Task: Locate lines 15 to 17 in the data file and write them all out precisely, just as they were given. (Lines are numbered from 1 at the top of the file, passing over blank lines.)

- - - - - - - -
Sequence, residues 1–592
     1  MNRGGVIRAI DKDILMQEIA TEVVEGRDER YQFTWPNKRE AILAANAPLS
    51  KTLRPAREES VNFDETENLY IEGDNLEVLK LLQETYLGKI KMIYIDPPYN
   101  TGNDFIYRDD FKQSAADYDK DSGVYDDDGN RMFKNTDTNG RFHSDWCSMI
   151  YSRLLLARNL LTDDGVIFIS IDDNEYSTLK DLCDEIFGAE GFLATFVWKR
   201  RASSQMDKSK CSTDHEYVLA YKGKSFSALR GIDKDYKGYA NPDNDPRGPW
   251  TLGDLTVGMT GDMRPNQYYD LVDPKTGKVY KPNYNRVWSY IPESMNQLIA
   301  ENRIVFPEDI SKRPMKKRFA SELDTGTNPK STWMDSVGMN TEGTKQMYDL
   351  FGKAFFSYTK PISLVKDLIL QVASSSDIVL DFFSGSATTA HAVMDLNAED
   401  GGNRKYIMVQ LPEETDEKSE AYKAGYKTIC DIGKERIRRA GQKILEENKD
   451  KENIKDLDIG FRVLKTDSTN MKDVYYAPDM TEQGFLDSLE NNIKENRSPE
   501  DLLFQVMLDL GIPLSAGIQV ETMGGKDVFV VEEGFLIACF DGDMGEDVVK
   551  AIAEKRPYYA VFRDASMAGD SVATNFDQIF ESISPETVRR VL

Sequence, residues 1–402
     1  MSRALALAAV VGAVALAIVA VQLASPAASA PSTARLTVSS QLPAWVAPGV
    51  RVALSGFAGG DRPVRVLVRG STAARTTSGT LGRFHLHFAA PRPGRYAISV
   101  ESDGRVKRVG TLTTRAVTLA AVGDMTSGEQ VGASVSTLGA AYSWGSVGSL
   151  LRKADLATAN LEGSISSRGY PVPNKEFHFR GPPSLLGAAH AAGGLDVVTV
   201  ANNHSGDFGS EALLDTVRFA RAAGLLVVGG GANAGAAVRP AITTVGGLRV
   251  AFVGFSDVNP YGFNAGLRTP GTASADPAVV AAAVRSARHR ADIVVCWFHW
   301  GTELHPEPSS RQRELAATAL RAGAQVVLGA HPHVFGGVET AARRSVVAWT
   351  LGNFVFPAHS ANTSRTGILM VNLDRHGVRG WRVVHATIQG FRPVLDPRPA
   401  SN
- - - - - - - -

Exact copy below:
     1  MSRALALAAV VGAVALAIVA VQLASPAASA PSTARLTVSS QLPAWVAPGV
    51  RVALSGFAGG DRPVRVLVRG STAARTTSGT LGRFHLHFAA PRPGRYAISV
   101  ESDGRVKRVG TLTTRAVTLA AVGDMTSGEQ VGASVSTLGA AYSWGSVGSL